• Somebody needs to tell the person who did the editing for this video that just because you can do something with special effects doesn't mean you should! This video made excessive use of overlaying one moving image on top of another. It was often hard enough to make out what was happening on stage due to the poor lighting, and these gratuitous special effects made it impossible. Somebody needs to take away the toys from the person who made the decision to use this effect so frequently!
  • I had trouble following the story line. Maybe it was partly because some of the narrative was drowned out by too-loud musical "background". And I'm sure it was partly because I often tend to be a bit dense at figuring out portrayals involving symbolism and inner journeys. I want to understand them, but I often don't. In any event, I never quite figured out what the narrator was being initiated into, and I didn't figure out who some of the characters were supposed to represent until I saw the closing credits.
  • I found myself wondering whether the audience who was there for the live show had been given written programs that provided helps such as plot synopses or character identification like "Muse #1: Owl, portrayed by ...". If so, then the video should have made an effort to incorporate that information, either by printing the program information on the video cover, or by superimposing appropriate titles over the video image when editing.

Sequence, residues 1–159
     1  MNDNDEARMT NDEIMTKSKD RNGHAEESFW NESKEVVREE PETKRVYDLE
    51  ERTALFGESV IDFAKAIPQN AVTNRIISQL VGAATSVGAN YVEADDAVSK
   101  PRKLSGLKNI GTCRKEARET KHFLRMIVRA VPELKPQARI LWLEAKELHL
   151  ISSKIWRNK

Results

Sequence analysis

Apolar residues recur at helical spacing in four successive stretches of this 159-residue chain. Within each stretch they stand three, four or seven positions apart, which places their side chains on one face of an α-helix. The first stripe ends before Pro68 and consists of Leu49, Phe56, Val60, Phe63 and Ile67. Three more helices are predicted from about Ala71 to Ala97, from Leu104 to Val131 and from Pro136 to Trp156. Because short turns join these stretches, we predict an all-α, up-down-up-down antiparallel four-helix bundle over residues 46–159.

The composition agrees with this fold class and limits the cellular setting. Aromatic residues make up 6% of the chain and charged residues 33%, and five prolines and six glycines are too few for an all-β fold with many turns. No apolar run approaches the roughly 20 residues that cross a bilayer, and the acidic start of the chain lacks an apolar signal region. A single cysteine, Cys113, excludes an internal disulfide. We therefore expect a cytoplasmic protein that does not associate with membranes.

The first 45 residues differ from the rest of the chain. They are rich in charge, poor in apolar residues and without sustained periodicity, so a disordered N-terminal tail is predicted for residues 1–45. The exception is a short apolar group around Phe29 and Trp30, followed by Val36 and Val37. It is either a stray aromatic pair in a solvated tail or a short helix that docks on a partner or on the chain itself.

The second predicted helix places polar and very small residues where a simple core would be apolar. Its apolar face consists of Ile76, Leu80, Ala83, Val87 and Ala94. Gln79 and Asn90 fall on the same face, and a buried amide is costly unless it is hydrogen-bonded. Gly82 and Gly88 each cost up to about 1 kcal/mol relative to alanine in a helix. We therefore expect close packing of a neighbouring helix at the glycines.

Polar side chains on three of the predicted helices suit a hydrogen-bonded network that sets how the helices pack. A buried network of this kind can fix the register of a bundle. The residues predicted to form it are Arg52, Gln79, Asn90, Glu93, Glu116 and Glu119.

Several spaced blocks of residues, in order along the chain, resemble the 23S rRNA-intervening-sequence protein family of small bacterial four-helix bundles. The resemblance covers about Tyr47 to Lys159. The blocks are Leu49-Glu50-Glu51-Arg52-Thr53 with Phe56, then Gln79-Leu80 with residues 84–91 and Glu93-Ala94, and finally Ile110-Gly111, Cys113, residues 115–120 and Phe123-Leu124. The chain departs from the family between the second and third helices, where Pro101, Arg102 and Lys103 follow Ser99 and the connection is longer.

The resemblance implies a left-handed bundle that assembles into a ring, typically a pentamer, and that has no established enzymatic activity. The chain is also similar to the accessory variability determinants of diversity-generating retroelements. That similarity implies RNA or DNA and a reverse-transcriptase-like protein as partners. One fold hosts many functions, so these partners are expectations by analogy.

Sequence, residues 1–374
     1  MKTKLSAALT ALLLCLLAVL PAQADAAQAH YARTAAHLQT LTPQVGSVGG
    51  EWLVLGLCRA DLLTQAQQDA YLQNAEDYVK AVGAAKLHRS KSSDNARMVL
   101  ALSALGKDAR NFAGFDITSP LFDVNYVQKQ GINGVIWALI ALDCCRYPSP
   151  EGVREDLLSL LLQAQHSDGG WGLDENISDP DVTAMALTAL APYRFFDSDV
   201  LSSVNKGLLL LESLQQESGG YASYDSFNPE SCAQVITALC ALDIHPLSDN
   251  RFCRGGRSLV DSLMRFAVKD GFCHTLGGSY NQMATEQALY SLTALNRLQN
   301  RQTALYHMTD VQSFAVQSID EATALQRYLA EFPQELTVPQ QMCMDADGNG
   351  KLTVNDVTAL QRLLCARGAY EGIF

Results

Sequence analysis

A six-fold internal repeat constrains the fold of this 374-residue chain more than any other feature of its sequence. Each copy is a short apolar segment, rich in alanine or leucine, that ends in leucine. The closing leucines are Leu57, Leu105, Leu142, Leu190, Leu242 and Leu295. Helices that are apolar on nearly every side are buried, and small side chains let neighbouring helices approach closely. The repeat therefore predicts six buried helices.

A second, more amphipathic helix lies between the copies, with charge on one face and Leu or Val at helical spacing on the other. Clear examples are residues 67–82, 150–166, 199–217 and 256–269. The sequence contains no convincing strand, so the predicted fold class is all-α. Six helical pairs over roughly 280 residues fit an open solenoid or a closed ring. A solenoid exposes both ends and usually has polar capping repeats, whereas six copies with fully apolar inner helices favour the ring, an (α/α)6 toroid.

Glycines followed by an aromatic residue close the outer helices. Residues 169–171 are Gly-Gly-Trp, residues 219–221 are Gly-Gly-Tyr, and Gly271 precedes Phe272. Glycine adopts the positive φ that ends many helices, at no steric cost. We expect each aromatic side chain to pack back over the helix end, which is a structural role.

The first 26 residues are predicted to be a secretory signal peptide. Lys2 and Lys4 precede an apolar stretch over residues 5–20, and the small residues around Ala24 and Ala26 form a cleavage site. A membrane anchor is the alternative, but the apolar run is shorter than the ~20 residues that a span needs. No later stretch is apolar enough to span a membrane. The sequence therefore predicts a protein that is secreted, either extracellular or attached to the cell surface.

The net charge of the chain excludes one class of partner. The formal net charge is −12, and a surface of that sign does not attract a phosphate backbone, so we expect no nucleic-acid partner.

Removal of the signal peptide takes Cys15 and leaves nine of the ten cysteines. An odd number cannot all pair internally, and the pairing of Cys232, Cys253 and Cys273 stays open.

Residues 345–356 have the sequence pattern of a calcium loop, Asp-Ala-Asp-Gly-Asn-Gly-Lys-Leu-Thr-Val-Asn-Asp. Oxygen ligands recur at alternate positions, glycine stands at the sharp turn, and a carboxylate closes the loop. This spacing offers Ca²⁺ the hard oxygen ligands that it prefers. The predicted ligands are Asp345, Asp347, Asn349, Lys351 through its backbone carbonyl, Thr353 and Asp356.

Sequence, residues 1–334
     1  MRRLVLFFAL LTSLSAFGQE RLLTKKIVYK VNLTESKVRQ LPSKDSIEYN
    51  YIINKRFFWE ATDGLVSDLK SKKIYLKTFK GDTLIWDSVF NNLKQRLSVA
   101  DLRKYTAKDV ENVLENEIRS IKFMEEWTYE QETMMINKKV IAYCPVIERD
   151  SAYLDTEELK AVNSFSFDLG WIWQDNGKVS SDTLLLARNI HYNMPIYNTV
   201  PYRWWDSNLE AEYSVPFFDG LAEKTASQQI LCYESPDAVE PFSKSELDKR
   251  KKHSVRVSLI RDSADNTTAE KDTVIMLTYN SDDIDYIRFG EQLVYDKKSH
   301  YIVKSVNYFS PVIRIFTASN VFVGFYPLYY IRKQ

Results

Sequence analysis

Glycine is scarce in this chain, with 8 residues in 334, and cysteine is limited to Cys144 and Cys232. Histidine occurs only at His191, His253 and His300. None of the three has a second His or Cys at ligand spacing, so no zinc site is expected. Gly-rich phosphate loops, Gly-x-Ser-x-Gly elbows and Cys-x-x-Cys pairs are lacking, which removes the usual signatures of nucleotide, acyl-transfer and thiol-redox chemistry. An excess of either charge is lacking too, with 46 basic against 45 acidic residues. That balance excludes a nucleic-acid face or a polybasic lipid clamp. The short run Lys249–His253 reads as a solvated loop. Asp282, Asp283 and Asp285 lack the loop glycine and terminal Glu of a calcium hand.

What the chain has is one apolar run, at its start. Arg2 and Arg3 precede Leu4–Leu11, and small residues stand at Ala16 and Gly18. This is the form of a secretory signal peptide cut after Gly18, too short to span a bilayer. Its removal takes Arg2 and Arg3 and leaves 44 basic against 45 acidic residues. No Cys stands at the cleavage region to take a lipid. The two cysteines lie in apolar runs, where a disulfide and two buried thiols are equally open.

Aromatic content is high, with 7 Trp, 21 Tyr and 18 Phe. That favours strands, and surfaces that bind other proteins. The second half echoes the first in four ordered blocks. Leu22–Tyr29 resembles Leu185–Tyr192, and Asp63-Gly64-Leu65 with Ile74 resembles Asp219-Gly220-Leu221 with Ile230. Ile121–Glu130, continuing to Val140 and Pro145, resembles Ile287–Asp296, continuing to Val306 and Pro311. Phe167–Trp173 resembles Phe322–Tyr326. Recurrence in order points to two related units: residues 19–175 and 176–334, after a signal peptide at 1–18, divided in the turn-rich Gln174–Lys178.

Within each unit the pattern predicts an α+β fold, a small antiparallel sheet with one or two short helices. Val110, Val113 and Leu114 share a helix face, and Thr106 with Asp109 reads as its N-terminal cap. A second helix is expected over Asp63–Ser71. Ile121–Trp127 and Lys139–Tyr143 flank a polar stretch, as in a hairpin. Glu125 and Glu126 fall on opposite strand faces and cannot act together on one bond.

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In Conclusion

Despite my complaints about production quality and difficulty in following the story line, I did find this video interesting, and it did have some good dancing. I hope Rees-Denis will continue producing innovative shows--this kind of experimentation is what will help the Oriental dance community grow closer to the mainstream theatrical dance world. I'm glad someone loaned it to me. This show has sparked an interest in me in seeing more of Rees-Denis' work. However, after seeing it, I don't feel an urge to run out and buy a copy of this particular video for my own collection.

Belly Dancing Bellydancing Dance Bellydance


I have nothing to disclose regarding this video. I have never met Paulette Rees-Denis (the producer) or any of the performers. I am aware of Paulette's reputation as a respected member of the dance community, but have never had any interaction with her. The video was loaned to me by one of my students who encouraged me to review it for my site.

Belly Dancing Bellydancing Dance Bellydance

Contacting The Producer & Ordering The Video

Contact Paulette Rees-Denis as follows:

Gypsy Caravan
4805 NE Campaign
Portland, OR 97218

Phone: (+1) (503) 288-4355
Web Site:

Belly Dancing Bellydancing Dance Bellydance